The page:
Israel’s Forgotten Plan to Settle the Claims of Palestinian and Jewish Refugees

August 11, 2016 | Eylon Aslan-Levy
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In 1950 and 1951, some 100,000 Iraqi Jews—most of whose assets had been frozen by the Iraqi government—immigrated to the Jewish state. In response, Israeli leaders began to investigate the possibility of an agreement with the Arab countries whereby any property abandoned by Palestinian refugees would be exchanged for property lost by Jewish refugees from Arab countries. Eylon Aslan-Levy writes:

One week [after Iraq announced the freezing of assets], the Israeli foreign minister, Moshe Sharett, addressed the Knesset. The government of Iraq, he argued, had “opened an account with the government of Israel,” and forced the Jewish state to link this account to one that already existed: [that of] the Arab refugees from Israel’s War of Independence. “We shall take into account the value of the Jewish property that has been frozen in Iraq,” declared Sharett, “when calculating the compensation that we have undertaken to pay the Arabs who abandoned property in Israel.”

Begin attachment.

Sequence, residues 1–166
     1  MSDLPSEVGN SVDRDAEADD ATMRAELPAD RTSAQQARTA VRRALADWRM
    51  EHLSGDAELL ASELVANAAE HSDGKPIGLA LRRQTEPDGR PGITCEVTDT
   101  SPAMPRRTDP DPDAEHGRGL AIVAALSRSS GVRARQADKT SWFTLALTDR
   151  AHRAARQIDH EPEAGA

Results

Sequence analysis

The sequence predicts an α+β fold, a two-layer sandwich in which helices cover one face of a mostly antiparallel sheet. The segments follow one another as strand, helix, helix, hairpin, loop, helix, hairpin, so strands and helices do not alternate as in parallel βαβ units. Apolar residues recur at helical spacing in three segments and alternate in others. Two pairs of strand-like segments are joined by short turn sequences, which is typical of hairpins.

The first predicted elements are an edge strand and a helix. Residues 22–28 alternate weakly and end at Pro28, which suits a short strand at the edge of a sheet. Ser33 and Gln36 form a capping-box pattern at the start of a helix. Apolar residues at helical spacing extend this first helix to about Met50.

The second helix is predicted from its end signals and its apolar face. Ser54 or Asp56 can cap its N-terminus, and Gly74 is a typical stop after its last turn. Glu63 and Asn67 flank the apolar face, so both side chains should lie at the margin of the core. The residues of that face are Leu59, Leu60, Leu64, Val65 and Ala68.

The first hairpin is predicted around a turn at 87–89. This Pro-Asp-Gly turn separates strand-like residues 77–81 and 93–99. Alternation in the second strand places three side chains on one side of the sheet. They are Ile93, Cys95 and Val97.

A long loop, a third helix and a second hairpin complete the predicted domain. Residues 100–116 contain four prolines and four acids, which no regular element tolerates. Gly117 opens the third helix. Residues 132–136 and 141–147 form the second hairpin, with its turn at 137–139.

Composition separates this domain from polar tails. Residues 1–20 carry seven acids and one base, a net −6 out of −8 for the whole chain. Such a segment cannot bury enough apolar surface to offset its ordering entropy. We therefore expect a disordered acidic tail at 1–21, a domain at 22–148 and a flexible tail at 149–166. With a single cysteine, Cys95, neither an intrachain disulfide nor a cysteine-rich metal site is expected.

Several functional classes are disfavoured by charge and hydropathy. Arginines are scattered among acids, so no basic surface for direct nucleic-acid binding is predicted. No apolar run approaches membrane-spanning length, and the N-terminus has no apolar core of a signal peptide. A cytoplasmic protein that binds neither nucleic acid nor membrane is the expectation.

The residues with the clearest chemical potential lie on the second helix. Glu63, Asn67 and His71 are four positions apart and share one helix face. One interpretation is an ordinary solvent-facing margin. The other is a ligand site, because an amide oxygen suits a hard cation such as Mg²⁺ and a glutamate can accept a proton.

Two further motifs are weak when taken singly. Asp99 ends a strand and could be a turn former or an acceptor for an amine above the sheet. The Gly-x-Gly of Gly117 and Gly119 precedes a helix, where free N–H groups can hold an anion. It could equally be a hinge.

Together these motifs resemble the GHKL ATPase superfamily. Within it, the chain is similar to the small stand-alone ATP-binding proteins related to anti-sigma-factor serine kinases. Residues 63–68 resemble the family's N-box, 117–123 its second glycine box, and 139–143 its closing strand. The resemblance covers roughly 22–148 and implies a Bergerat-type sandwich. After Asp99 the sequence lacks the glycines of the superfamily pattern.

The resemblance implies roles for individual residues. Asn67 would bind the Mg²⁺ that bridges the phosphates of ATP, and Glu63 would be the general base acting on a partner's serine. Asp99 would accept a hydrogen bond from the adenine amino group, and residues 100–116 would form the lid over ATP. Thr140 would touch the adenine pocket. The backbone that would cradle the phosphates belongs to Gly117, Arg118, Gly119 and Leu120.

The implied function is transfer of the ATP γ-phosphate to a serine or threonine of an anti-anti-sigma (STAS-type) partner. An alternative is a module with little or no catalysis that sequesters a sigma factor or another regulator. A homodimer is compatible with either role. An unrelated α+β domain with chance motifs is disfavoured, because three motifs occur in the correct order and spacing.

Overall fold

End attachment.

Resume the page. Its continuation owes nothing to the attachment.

This principle has been a centerpiece of Israeli policy ever since. . . . In August 1948, Israel had told the UN mediator Folke Bernadotte that any peace treaty with the Arab states should pay “due regard to Jewish counterclaims” for “havoc and destruction.” . . .

[What’s more], this linkage was not entirely Israel’s idea: its strongest support came from Baghdad. In 1949, [the Iraqi prime minister] proposed an organized Jewish-Arab population exchange to a UN commission, offering a compulsory transfer of 100,000 each way, in which Iraq would confiscate Jewish property as compensation for Palestinian property. This came after Arab states suggested to the UN Conciliation Commission for Palestine (UNCCP) an “exchange of their [Jewish] population against the Arab Palestinian refugees.” Egypt specifically mentioned a possible “exchange of Jews and Arabs.”

Britain rejected Iraq’s proposal. . . . The UNCCP [likewise] refused to endorse it. . . . Arab governments . . . never replied [to formal letters about the subject]. Israel eventually unblocked Arab bank accounts at the UNCCP’s request, after the Israeli UN ambassador Abba Eban’s plea that “equal concern” be given to Jewish refugees fell on deaf ears.

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